- Social media is an extremely powerful tool in the modern digital marketing world. There is no shocking news here.
- However, some industries can leverage social media and its benefits better than others… or so you may think.
- Find out whether social media is beneficial for the real estate industry. And if the answer is yes (spoiler alert), learn how to do it best.
There’s a dilemma that’s staring us in the face. There’s simply no getting around it: for many of us, social media doesn’t really seem to have worked…
2007 saw Facebook really take off in Australia. So, in reality, the biggest social media platform is only 10yrs old. Since then it’s evolved and so has consumer usage. Nowadays, it seems that everyone sets up a Facebook and Instagram page and is on Twitter and/or LinkedIn. And they all have golden expectations about what it’ll do for their business. Why is it then, that the results just don’t seem to be there?
Does social media even work for the real estate industry? Yes, it does! The problem is, you’ve most likely had unrealistic expectations of what it should achieve, or you may have been going about it the wrong way, or both. Social media is indeed a powerful tool if it’s used correctly.
Transactional Marketing vs Relationship Marketing
Firstly, you must identify what type of marketing you are doing, i.e. is it transactional or relationship marketing. Transactional marketing is things such as traditional letterbox drops in a neighbourhood showing a home that’s sold on a nearby street, and it includes a call to action.
When we talk about Facebook advertising, we must recognize that Facebook is a social platform. Facebook users are in a social head-space, not a buying one (for more information on this, check out our blog Keeping Media Social). So, when we post a message on a social media platform, it must fit in with a social head-space if it is to be successful. That doesn’t mean a ‘no business claim’ policy either - it simply has to be balanced with the appropriate social claims.
Buying or selling property is probably one of the biggest and most stressful decisions a person has to make in their life. That’s why you, as the agent, need to foster positive relationships with your potential customers, i.e. they need to know, understand and like you before they make any decisions. Confidence is a plant of slow growth, and that’s why initially approaching your client through Facebook with a ‘contact us for a free appraisal’ type message simply won’t cut the mustard. You may possibly get some readers that buy-in, but in the main, you're likely to be bitterly disappointed with the results.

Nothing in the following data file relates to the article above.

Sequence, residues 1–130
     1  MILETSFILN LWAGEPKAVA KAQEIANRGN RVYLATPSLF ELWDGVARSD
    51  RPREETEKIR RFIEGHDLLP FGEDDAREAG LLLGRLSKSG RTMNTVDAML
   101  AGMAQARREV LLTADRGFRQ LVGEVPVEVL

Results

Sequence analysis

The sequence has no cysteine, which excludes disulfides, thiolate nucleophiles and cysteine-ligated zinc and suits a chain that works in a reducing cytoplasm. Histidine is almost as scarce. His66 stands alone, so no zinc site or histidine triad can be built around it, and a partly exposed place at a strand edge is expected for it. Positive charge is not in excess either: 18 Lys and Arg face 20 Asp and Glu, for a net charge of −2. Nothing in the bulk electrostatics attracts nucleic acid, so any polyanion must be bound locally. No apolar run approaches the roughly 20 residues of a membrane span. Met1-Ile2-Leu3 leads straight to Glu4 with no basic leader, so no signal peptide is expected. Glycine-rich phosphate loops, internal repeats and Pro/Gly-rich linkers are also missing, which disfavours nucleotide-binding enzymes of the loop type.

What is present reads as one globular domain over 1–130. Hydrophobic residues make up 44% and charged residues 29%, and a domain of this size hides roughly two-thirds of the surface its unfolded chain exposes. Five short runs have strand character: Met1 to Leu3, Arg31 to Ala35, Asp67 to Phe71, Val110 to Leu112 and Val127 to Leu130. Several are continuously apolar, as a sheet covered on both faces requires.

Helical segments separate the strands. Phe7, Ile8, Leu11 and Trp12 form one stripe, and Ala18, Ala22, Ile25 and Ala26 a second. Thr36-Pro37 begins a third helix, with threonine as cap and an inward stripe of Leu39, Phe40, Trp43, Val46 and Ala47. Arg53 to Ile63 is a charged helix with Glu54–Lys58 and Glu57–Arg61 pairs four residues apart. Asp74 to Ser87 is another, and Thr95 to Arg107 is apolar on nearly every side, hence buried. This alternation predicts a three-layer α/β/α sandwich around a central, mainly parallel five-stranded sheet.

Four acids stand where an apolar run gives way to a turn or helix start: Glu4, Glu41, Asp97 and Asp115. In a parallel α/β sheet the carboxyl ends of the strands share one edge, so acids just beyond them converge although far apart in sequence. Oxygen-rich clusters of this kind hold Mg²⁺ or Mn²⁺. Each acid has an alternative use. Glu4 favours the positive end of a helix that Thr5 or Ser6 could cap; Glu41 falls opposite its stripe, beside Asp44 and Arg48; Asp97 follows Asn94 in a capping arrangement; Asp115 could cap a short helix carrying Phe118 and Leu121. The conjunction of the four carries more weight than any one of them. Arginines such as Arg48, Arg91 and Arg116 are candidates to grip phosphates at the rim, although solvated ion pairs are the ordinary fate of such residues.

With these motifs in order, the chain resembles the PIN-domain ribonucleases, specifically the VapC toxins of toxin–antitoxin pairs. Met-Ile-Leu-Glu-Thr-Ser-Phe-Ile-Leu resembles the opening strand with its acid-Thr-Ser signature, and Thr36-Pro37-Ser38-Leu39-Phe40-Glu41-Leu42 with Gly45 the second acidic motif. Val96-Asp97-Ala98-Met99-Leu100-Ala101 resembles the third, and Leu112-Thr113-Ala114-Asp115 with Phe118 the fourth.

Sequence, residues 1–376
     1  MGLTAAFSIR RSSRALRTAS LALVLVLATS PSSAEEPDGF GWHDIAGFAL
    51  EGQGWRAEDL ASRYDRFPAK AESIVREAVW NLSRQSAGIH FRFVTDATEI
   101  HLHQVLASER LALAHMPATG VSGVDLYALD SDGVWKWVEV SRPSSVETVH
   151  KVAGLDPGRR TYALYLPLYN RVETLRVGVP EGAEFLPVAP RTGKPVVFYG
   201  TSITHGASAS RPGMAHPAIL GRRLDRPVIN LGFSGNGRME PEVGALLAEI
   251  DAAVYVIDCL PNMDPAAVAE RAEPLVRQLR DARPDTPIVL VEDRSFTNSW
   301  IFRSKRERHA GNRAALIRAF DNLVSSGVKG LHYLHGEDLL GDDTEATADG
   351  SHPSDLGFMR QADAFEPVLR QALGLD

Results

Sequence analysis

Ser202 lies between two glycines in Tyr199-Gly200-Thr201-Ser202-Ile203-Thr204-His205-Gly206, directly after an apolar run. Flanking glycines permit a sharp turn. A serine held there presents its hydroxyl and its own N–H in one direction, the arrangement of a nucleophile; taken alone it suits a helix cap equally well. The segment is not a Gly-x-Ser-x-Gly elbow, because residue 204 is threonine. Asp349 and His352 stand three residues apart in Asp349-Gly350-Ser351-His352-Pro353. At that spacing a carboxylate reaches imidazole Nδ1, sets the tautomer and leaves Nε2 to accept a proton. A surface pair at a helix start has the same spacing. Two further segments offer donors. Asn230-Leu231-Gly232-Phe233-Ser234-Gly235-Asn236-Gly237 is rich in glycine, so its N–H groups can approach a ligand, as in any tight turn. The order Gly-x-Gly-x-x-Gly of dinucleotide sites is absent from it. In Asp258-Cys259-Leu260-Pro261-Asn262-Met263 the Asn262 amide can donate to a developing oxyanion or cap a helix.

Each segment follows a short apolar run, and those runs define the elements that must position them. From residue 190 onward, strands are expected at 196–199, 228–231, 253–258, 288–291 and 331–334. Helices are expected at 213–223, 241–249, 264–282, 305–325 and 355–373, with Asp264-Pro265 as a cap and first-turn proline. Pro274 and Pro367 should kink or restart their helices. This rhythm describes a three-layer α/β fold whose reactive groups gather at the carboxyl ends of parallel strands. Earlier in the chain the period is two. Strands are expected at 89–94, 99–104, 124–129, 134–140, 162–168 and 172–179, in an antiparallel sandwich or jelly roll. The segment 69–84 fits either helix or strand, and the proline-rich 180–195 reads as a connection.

Facebook advertising needs to be done in a friendly, helpful but not pushy manner. It’s a case of offering the customer genuinely valuable information, building up the relationship, creating a positive connection with your brand and then offering the appraisal.
How to make social media work in the real estate market
As a real estate professional, there are several things you can do to make social media work for your business.
1. Develop a long term social strategy
Relationships aren’t created overnight. Rather, you need to consider a 12 month - 3-year focus. Generally, CTA (call to action) marketing is thought about in a 3-month time frame, so if you approach your Facebook campaign with this in mind, you’ll likely be disappointed.
2. Offer helpful information
If your Facebook feed is full of stuff about you, i.e. ‘view our latest property’ or ‘contact us for…’ it's highly likely your audience will tune out. Instead, offer them chunks of real value in the real estate content you share - information that’s likely to catch their attention, build trust and is genuinely useful.